Starting the beginning of January, I had an idea. I am not sure if it was a good one yet, but only time will tell. I was looking at the BJCP ( Beer Judge Certification Program) guidelines and thought it would be a good idea to brew one style from each category. The BJCP currently has up to 40 different categories listed including mead and cider. This will certainly be an adventure. Questions and comments are appreciated.
First up – Style 1, Sub Category 1A American Light Lager
Recipe: Lawson Light Lager
Canada Malting 6 Row
Magnum and Hallertau Hops
Omega Bayern Lager Yeast
This is a well known style, but not one that is brewed by the home brewer all that often. Reading the profile, and taking in our countries love of hops, I can see why. According to the BJCP the characteristics are as follows:
“A highly-attenuated pale lager without strong flavors, typically well-balanced and highly carbonated. Served cold, it is refreshing and thirst-quenching.” It is also know to have a very low hop, malt, and yeast characteristics, hence why you drink it ice cold, there isn’t much to taste!
On brew day I did overshoot my gravity and volume a bit, I have been getting awesome efficiency on the Blichmann Horizontal Brew System and will be adjusting my recipes a bit to reflect the gained efficiency.
Now beer is currently in the lager chamber and waiting on the taste test once carbonation is complete. I will update with more details shortly.
3/1/2019 tasting notes
I brought this beer to the Lake County Craft Beer Festival and it was certainly not the most popular option, but it was appreciated by many of our visitors. I enjoy the 3.5% ABV as a festival where many of the beers are much stronger. It does taste true to its description, not much there, but a bit of sweetness, which I attribute to the high percentage of corn. It is a yellow fizzy beer, that is pleasant to drink. I did enter this into two competitions, The Drunk Monk and the Charlie Orr competition.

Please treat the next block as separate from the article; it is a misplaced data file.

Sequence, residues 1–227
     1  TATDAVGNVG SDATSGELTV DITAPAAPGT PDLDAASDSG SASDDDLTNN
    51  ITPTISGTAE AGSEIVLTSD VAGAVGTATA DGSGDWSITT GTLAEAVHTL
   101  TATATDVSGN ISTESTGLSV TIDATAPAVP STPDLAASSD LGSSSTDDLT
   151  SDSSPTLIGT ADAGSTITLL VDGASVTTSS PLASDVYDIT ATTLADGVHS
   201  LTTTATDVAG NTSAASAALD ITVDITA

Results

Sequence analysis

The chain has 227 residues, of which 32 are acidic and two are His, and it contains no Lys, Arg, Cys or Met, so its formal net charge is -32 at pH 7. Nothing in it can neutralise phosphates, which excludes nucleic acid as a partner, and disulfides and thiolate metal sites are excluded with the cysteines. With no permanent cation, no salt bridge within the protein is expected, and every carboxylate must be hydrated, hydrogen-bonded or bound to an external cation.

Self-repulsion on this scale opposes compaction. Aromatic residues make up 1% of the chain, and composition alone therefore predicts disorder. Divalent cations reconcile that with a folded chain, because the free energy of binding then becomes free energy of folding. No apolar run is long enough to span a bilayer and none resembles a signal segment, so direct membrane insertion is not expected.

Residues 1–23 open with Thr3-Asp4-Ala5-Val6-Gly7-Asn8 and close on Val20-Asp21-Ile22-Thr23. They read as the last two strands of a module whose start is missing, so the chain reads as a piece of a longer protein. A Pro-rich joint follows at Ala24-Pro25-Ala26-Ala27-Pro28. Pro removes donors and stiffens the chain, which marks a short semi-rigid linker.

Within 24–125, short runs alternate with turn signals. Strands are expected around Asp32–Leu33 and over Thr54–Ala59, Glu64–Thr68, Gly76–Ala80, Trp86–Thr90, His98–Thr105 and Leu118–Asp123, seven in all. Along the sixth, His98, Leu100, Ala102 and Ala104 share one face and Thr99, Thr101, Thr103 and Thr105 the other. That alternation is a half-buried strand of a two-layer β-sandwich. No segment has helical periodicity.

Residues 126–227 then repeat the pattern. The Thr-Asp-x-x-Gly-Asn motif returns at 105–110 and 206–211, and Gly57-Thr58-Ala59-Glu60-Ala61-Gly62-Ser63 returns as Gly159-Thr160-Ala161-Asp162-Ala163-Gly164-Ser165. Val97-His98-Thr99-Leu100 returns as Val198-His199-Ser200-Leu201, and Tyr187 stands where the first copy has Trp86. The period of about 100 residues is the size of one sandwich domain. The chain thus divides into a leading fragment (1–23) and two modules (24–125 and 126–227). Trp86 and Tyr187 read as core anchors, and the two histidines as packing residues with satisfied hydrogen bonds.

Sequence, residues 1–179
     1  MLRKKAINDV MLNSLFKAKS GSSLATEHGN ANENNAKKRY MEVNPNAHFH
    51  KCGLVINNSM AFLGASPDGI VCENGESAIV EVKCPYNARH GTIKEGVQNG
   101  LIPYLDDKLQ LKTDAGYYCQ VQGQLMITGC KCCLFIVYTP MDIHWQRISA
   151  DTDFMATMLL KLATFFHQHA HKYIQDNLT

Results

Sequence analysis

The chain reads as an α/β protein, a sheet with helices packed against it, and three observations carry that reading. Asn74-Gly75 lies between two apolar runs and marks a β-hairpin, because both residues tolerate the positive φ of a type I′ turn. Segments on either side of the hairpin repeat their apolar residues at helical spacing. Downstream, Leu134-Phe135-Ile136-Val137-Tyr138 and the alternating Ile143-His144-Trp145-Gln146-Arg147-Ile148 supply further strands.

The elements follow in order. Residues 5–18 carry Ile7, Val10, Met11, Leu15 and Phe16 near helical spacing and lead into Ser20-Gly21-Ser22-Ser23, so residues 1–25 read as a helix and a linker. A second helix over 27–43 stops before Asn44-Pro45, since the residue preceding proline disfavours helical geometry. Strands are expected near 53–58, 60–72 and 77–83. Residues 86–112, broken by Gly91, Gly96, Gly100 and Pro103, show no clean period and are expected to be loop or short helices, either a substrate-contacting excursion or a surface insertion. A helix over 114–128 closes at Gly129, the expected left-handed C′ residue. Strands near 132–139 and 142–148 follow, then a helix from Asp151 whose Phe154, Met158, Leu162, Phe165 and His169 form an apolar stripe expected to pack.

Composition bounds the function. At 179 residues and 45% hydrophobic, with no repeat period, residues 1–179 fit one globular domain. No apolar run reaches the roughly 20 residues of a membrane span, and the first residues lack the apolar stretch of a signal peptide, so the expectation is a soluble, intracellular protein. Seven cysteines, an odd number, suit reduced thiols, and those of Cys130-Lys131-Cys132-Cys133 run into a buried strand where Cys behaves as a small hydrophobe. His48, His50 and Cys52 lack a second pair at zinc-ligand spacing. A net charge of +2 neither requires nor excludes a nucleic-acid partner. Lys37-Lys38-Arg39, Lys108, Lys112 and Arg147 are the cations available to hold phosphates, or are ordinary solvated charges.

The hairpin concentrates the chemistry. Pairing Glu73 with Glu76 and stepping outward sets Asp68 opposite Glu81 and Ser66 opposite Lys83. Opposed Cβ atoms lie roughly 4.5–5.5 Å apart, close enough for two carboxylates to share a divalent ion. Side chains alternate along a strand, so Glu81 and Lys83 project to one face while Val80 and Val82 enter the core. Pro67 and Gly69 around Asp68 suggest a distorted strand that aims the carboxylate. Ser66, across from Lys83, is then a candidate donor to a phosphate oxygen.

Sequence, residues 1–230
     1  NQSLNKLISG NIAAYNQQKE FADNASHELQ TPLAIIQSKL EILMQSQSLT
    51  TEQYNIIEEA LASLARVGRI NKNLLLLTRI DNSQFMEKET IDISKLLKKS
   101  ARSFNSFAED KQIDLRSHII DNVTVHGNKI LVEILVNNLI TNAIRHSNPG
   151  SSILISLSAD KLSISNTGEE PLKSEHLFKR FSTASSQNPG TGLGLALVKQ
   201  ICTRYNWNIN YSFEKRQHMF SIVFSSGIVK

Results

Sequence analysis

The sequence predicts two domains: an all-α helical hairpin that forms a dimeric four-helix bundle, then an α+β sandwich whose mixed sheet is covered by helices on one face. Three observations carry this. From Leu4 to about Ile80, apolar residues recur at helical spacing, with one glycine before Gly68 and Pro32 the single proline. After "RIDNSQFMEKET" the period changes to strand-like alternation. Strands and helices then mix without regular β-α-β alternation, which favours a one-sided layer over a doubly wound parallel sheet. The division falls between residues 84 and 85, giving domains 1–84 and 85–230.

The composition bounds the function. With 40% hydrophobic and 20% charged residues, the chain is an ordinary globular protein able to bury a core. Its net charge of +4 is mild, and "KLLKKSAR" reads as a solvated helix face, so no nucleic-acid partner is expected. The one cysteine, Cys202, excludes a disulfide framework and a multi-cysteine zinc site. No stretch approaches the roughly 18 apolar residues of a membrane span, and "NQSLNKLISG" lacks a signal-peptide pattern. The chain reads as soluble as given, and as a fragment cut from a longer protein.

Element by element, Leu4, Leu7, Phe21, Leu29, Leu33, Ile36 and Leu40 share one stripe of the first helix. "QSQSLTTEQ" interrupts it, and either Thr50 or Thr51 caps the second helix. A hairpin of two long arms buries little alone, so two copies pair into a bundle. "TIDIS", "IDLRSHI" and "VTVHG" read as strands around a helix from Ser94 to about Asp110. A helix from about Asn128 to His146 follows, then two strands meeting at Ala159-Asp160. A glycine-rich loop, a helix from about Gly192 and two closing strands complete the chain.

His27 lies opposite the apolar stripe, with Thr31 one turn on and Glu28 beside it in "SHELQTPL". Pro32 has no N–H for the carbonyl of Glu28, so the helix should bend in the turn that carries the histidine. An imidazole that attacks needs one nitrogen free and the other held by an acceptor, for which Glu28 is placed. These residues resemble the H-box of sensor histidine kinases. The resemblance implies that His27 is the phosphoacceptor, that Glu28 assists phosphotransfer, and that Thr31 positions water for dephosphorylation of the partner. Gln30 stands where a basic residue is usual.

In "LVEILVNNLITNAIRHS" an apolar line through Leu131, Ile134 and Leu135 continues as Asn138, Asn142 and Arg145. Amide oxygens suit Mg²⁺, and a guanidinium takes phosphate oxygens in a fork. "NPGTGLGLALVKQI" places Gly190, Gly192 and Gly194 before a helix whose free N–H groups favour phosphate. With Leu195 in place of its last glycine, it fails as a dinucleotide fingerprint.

Next up – Style 2 sub category 2B International Amber Lager
Recipe: Most Interesting Beer in the World
Flaked Corn and Flaked Rice
Cascade and Cluster for the Hops
I reused the yeast cake from the Lawson Light Lager
The International Amber Lager, is a bit more of a crowd pleasing style. This style taken from the guidelines is “A well-attenuated malty amber lager with an interesting caramel or toast quality and restrained bitterness. Usually fairly well-attenuated, often with an adjunct quality. Smooth, easily-drinkable lager character.” I can’t wait for this beer to be ready to sample!
To monitor fermentation I used the Tilt Hydrometer and a Rasberry Pi, so I could see what the temperature and Specific Gravity was reading from anywhere I could connect to the internet. Very cool piece of equipment, it may be one of the coolest things I have seen in awhile. This technology gave me a better indication to when I should warm up the beer for a diacytl rest as well as giving live action data.
Style 3B Czech Premium Pale Lager
This beer is slowly becoming a favorite style around the shop. It is fantastically refreshing and easy to drink. Its characteristics described from the BJCP are, “Rich, characterful, pale Czech lager, with considerable malt and hop character and a long, rounded finish. Complex yet well-balanced and refreshing. The malt flavors are complex for a Pilsner-type beer, and the bitterness is strong but clean without harshness, which gives a rounded impression that enhances drinkability”. Seems simple enough right… Pilsners are the most consumed beer in the world, some experts say somewhere around 90% of all beer consumed in the world is a pilsner type beer. So why aren’t more homebrewers brewing Pilsners? For one you need consistent temperature control, which is sometimes hard to find, or homebrewers aren’t interested in investing in temp control for their home. The recipe is not complex, but this is a style that highlights the brewers processes and attention to detail, which is something that I don’t pay as much attention to as I should.
The Recipe is as follows:
Just another Czech Pilsner
9 lbs of Floor Malted Bohemian Pilsner
9 lbs of German Barke Pilsner
.5 lbs of Acidulated Malt
.5 oz of Magnum at First Wort Hopping
.5 oz of Magnum at 60 minutes
3 oz of Czech Saaz at 30 minutes
2 oz of Czech Saaz at 10 minutes
Yeast Omega Bayern Lager Yeast. I am still reusing the the yeast cake from the first beer of this project.
Water is very important to making a nice Pilsner, I tried a method that I will was a bit easier for me, but only time will tell if the process of boiling my water the night to reduce the hardness of the water as well as remove chlorine and reduce O2, but without measure the level of O2 its really hard to know.
You may be wondering why I used a Floor Malted Pilsner Malt and a Barke Pilsner Malt instead of just using all the same. The Floor Malted Pilsner Malt is less modified, so basically what it means is that you have to work a bit harder to get all the goodness out. It is a more traditional way of malting grain but it gives you earthy flavors and more intense aroma, according to Weyermann. The Barke Pilsner malt is malt that is better modified and gives many of the same characteristics of the Floor Malted, but with better brew house efficiency.
To get as much as could out of the malts and to make for a longer brew day I also step mashed with rest at 113, 137, 149, and mashed out at 170 degrees.